When I was an undergraduate in mathematics, I was fortunate to have stumbled upon some opportunities which had a huge impact on my mathematical career. I am often amazed at the fact that such opportunities remain unknown to many undergraduates in mathematics, especially since these opportunities increase in number year after year. Of course, there are things you can do in college which are within your own school: talk to professors and pursue some sort of collaboration with them, take seminar courses outside of the usual curriculum, etc. But there are many opportunities outside of your department which are incredibly valuable. They allow you to travel to exciting places (sometimes for free or even for pay), meet other students in mathematics from around the world, talk to top notch professors, and, most importantly, learn lots of exciting mathematics. In addition, many of these programs are designed to give students an idea of what research in mathematics is like, which is something one usualy misses by taking courses (even very advanced courses) alone. Not to mention, if you decide to apply to graduate school in mathematics, having attended such programs will not only set you apart from other applicants, but will also most likely equip you with some good recommendation letters too.

Below are a few suggestions of where to start.

Nowadays there are MANY REU's around the country. Basically, these are summer programs which run for about 8 weeks and give students the opportunity to do original research in a variety of fields, from applied mathematics to combinatorics to number theory. Each REU usually lets in on the order of 20 students, and students who attend get free housing and some sort of salary.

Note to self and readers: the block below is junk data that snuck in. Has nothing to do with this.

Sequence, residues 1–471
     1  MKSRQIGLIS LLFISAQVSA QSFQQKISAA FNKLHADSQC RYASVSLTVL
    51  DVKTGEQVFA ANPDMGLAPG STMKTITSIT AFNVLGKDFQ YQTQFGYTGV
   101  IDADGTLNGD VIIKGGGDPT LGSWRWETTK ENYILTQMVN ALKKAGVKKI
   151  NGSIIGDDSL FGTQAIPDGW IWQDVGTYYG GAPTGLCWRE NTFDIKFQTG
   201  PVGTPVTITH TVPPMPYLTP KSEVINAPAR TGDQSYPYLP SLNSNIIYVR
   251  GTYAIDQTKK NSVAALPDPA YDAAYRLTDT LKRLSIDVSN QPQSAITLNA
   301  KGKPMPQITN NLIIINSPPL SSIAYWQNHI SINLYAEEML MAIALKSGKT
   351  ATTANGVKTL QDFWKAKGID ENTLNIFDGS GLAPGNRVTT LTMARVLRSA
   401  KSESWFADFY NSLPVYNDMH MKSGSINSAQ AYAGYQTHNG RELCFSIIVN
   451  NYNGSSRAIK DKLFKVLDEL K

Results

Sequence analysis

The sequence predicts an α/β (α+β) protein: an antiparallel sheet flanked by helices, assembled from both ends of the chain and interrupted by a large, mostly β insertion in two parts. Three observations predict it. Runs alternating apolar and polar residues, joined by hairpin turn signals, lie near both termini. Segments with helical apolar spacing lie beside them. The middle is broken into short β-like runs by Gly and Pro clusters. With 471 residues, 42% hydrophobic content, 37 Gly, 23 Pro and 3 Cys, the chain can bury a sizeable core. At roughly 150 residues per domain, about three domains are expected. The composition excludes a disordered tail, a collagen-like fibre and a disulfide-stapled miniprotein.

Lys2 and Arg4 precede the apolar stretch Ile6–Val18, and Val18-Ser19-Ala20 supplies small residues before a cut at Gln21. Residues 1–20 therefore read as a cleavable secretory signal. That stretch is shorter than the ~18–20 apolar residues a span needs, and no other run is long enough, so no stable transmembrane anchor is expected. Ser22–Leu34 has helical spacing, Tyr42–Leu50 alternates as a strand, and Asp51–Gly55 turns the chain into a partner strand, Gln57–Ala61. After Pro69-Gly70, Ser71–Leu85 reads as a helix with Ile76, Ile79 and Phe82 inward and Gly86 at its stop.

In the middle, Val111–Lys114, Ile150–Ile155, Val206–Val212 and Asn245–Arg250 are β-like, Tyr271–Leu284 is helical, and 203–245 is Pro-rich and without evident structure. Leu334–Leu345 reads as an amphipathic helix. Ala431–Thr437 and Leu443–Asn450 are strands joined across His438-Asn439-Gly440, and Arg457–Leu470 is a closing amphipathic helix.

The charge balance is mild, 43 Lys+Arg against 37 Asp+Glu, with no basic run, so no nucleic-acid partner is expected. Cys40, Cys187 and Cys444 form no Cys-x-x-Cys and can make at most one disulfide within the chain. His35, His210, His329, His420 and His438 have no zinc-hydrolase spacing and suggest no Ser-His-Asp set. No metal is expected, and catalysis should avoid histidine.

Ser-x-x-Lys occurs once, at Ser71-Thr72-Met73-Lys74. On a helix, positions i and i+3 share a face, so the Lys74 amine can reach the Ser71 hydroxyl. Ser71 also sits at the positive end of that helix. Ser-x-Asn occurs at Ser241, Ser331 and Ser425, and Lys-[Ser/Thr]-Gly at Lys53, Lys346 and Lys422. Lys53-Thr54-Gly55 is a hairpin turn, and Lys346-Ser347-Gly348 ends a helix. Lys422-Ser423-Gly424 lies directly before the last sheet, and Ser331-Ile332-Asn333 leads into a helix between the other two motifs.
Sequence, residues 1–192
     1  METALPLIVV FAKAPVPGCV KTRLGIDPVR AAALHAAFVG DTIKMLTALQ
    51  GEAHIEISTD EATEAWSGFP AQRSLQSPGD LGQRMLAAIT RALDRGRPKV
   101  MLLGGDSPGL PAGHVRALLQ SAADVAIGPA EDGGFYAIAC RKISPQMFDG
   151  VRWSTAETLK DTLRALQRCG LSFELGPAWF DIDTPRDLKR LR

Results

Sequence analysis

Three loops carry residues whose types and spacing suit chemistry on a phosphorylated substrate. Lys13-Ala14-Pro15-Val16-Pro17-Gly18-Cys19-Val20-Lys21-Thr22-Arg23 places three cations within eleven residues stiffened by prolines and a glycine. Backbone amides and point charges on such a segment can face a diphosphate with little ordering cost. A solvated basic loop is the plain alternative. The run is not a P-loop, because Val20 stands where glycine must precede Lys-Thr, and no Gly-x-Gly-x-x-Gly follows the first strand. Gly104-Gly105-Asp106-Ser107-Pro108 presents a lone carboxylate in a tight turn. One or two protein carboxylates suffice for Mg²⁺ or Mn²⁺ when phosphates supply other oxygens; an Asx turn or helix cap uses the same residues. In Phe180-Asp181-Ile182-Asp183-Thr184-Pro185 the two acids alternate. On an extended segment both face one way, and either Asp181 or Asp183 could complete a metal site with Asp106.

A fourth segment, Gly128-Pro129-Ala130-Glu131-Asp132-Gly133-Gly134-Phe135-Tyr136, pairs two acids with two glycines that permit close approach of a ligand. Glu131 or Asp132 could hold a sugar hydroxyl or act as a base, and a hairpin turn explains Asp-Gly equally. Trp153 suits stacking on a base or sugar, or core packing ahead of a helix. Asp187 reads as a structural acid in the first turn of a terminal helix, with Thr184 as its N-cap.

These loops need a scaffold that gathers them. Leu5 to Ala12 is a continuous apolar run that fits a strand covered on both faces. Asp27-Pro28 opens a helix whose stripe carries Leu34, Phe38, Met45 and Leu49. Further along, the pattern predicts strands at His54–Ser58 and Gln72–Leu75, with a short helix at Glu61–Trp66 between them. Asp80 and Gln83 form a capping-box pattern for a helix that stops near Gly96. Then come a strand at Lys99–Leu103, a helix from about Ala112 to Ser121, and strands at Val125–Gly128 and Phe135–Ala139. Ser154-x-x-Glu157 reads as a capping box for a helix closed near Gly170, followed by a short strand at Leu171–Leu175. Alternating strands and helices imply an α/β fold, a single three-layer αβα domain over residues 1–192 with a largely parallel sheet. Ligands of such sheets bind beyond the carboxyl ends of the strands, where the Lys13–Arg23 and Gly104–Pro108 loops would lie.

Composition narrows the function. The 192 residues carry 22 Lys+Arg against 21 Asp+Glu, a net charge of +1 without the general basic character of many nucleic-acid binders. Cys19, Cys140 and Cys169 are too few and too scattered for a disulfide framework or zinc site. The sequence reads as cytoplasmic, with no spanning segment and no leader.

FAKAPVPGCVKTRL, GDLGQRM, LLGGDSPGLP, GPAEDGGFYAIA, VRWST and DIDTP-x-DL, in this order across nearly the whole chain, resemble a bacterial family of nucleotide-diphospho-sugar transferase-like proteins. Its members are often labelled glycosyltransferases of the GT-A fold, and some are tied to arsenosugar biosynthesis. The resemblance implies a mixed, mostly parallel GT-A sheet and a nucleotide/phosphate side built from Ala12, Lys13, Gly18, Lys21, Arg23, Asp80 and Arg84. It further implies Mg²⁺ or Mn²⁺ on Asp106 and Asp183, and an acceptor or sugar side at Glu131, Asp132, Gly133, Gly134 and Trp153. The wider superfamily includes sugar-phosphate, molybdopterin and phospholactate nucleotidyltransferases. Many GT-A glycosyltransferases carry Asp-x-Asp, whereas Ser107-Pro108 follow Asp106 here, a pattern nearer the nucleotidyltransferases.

- Penn State REU
- IPAM RIPS in Los Angeles
- DIMACS REU in New Jersey
- Ken Ono's REU in Georgia
- Berkeley Program in Geometry and Topology
- REU in Duluth, Minnesota
- Probability and Discrete Math REU in Tennessee
- Cornell REU
- LSU REU
- U Washington REU

- For students in their first 2 years of university: click here. This was in Lyon, France this past summer (the location changes from year to year).
- A program in analysis and geometry (follow link on main page): Princeton University Math
- A program aimed at women, but men can apply: IAS WAM in Princeton, NJ

These programs are very intensive, but also very rewarding. These are just some of the many opportunities that are available to you as an undergraduate. If you want more information, don't hesitate to talk to your professors and major advisors: they know about many of these programs and can help you decide which of them might fit you personally.